The evening started so well. As the audience entered the fifty seater auditorium, eerie music was playing, the walls were painted black and the three actors sat very still in three corners of the room – the stage was literally set for The House Of Usher – “The new gothic musical thriller”– spine tingling stuff!
However, it was downhill all the way after that as this dog’s dinner of a musical played out over the next two hours plus! Using Edgar Alan Poe’s short story “The Fall Of The House Of Usher” as its starting point but incorporating bits of the same author’s narrative poem “The Raven”, it made for a long evening that seemed to drag on interminably.
The dialogue rambled on and on not always making a lot of sense interspersed by some very ordinary, highly derivative songs. There were songs that had a touch of Lloyd Webber, some sub Les Miserables, a bit of Rocky Horror Show, some pseudo Gilbert & Sullivan – which meant that there was no cohesive style to the music. Some of the songs seemed to go on for ages and there were times when I wanted them to stop singing and get on with the plot – however flimsy and incoherent it was.
There was also a big problem with the tone of the piece. On the whole, it was deadly serious but occasionally, there was a bit of silliness such as when two of the characters sat amongst the audience and interacted with them – it just jarred with the atmosphere that had been set-up. Also whilst one of the characters was dressed in modern steampunk leather, the other two wore normal costumes of the period which also jarred somewhat.
The three actors, Richard Lounds as “Narrator”, Cameron Harle as “Roderick Usher” and Eloise Kay as “Madeline Usher” coped manfully with the difficult and often clunky dialogue whilst playing their instruments – Lounds on cello, Harle on guitar and Kay on Saxophone and clarinet, ably backed by musical director Rob Gathercole on keyboards. Special mention must go to Sound Designer Matthew Williams whose superb soundscape gave the piece an atmosphere throughout that deserved a better setting.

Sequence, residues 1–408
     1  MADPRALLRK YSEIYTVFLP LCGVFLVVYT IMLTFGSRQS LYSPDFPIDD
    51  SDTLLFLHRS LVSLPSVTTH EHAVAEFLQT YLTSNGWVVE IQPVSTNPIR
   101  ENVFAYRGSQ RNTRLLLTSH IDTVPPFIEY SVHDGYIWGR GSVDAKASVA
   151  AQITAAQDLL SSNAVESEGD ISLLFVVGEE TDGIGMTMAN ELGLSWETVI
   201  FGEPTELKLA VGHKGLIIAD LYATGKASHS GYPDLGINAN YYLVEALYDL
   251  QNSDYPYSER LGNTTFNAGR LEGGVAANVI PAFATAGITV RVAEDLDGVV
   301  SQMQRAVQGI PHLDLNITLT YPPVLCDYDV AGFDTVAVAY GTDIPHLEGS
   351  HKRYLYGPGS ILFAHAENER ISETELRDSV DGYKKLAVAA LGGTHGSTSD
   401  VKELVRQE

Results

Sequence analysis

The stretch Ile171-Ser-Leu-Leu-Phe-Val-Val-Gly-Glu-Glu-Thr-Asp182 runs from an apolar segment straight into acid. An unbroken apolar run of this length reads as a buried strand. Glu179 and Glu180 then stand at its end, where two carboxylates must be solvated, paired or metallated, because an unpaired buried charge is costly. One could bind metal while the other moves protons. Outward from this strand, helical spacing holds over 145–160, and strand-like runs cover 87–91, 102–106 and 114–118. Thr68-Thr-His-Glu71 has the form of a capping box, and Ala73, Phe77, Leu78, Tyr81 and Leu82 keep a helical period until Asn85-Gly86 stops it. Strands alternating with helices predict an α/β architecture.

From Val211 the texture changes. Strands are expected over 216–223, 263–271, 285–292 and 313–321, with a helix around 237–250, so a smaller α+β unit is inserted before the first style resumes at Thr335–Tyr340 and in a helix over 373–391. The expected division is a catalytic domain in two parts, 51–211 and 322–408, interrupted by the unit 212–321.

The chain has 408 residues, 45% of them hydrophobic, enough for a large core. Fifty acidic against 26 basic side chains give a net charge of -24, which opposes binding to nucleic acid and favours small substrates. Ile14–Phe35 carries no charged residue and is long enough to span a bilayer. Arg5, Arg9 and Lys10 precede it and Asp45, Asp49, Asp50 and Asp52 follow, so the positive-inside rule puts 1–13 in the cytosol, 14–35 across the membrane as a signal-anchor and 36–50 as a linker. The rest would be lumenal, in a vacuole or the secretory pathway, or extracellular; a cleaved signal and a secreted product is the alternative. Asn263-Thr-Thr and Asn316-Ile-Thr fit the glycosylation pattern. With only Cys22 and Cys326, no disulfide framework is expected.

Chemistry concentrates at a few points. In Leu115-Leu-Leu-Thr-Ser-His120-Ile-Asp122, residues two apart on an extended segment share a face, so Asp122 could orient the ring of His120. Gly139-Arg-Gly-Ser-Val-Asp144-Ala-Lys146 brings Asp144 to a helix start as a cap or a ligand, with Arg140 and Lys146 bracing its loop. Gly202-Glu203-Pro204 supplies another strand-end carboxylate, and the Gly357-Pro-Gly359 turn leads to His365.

On the whole a really disappointing evening. I’m all for encouraging memorable, new British musicals written by young, up and coming writers and composers but unfortunately The House Of Usher won’t linger in the memory for very long. As one of the characters said, “What am I doing here?” – unfortunately for most of the show, I had to agree with him.
Review by Alan Fitter
The brand new gothic musical thriller
“What was it—I paused to think—what was it that so unnerved me in the contemplation of the House of Usher?”
The Ushers are an ancient and noble line, known for a number of things; repeated deeds of charity, a passionate devotion to the intricacies of musical science and a collection of many works of exalted art. What is not generally known is that they are plagued by an ancient family evil, a curse.
This curse is causing Roderick Usher to be ill, sensitive to light and sound and unable to step outside the doors of his house. He calls upon his old childhood friend for help. When the friend arrives he finds himself becoming more and more involved and falling deeper and deeper into the dark tangled web that is The House of Usher.
Secrets surface, friendships are tested and a dark secret threatens to bring the House of Usher crashing down.
Based on Edgar Allan Poe’s gothic masterpiece “The Fall of The House of Usher” with a brand new score and a small cast of exceptional actor-musicians this gothic musical thriller promises to be the Halloween show not to miss.
All shall fall.
The House of Usher
Part of our GOTHIC SEASON; Autumn/Winter 2016
created by LUKE ADAMSON & DAN BOTTOMLEY inspired by EDGAR ALLAN POE
18 Oct – 5 Nov 2016
7.45pm Tues to Sat